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It has come to the soil and in the soil it should remain

06-Øvregt Bergen -1010771

Photo: Ove Bergersen

In cooperation with archaeologists, scientists from NIBIO have examined soil layers on construction sites to find out whether cultural heritage can be removed or if it is best left where it is.

According to Norwegian law, cultural monuments from the Middle Ages are kept in situ if the conditions are right for it, i.e. they are preserved for posterity where they are, in the soil or on the ocean floor. Old organic material such as wood can be destroyed if it is exposed to oxygen.

Senior Research Scientist Ove Bergersen travels around the whole country to take soil samples from different building sites.

"From the Middle Ages and onwards people just built on top of what was already lying there. They trampled down dirt and rubbish and laid out new buildings and other things on top. These soil layers, which can include everything from wood chips to food leftovers and other traces of human activity, are called the culture layers and are being analysed", he says.

The goal is to find out whether the conditions for preservation in the soil in and around cultural monuments are good or bad through examination. Then the culture layers are monitored over time both before and after finished construction work. One can then see whether preservation conditions in the culture layers change or remain stable.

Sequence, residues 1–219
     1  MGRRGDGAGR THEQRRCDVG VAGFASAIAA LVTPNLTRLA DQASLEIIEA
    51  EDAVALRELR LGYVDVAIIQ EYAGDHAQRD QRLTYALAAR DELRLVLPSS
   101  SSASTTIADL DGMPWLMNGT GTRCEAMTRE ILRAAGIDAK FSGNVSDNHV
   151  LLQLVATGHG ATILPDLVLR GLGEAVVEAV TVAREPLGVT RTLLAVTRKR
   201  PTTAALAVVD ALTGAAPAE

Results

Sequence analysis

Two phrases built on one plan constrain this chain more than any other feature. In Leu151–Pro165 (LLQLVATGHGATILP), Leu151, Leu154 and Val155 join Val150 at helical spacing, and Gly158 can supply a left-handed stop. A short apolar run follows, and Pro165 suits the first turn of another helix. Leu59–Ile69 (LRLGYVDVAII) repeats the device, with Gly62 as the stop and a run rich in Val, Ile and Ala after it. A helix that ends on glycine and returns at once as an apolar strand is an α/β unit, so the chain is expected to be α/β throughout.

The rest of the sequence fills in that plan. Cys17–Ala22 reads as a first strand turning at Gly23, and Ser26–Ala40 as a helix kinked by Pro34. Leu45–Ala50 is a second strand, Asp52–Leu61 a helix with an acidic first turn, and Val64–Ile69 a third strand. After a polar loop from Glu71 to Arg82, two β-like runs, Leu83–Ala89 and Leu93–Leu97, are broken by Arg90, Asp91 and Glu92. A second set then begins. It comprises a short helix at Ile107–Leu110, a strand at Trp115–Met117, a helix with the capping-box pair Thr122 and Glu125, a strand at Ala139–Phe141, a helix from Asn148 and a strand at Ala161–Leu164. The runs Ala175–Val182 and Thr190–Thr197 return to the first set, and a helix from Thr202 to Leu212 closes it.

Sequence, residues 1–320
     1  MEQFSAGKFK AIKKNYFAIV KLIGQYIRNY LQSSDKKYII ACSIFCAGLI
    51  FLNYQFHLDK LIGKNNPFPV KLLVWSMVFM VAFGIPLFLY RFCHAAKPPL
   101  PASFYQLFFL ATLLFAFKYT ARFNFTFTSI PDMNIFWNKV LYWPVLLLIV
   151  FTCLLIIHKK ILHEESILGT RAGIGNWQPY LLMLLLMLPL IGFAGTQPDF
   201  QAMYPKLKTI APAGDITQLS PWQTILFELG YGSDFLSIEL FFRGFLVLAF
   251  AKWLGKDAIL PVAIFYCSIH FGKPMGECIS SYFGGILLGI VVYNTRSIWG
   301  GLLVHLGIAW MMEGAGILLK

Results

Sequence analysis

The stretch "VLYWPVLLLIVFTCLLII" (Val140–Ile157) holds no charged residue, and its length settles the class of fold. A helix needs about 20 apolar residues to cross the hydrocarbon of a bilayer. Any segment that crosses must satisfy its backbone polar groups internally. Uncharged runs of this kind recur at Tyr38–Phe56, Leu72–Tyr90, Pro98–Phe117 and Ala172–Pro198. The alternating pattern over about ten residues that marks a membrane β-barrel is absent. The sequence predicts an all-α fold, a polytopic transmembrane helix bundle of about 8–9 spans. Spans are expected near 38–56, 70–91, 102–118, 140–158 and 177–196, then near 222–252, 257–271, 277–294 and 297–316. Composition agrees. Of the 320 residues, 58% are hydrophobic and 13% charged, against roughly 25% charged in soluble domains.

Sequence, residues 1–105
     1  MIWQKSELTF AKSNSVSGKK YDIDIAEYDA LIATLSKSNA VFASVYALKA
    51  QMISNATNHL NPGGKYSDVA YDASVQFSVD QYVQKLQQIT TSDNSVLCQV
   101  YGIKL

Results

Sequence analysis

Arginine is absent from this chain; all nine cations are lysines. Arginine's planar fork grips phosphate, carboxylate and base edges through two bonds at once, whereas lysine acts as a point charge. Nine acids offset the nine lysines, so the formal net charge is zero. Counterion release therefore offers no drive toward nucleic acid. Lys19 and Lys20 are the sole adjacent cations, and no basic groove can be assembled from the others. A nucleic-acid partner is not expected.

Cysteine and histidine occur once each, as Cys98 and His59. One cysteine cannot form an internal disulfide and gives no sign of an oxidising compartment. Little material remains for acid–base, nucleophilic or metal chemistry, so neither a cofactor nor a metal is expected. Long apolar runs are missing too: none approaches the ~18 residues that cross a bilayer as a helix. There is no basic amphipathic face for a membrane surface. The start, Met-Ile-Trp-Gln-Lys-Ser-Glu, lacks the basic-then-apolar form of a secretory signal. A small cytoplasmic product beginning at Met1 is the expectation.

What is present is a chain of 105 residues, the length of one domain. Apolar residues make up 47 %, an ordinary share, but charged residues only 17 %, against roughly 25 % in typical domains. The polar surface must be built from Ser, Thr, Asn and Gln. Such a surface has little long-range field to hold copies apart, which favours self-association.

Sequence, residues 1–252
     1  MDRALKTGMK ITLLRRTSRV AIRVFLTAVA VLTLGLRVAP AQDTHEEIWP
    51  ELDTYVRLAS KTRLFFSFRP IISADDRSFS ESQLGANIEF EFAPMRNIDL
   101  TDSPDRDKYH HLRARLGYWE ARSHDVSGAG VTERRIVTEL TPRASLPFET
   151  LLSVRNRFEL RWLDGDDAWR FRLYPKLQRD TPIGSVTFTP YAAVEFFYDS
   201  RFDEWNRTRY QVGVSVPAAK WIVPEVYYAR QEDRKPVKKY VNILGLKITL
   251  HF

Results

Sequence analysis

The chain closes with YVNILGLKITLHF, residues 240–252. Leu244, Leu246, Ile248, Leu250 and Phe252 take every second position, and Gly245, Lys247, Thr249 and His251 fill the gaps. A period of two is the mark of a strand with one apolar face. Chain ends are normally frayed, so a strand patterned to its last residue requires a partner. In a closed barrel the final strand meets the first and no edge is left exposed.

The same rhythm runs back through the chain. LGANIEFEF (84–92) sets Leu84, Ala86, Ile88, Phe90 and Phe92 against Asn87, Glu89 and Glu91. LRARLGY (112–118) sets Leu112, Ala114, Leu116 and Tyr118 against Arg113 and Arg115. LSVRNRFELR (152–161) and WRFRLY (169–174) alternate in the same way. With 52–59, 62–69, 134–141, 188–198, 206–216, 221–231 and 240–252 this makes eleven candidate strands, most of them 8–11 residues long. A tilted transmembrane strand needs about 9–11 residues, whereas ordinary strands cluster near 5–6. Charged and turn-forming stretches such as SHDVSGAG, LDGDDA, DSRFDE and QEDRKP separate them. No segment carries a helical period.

An oxygen poor environment is best. High water saturation provides good conditions for the preservation of cultural heritage because the soil's pores are closed for oxygen supply.

"It is not uncommon, for example, to find a human body from the Middle Ages in mire, where the body, hair and clothes are all completely intact, if somewhat shrivelled", says Bergersen.

For cultural heritage of inorganic material, there are other conditions that determine if it is well preserved or not. The researchers therefore also measure the pH, salt content and temperature.

Time will tell, but currently, Ove Bergersen can ascertain that, if the conditions are right, it is certainly appropriate to let cultural heritage lie where it is rather than to remove it.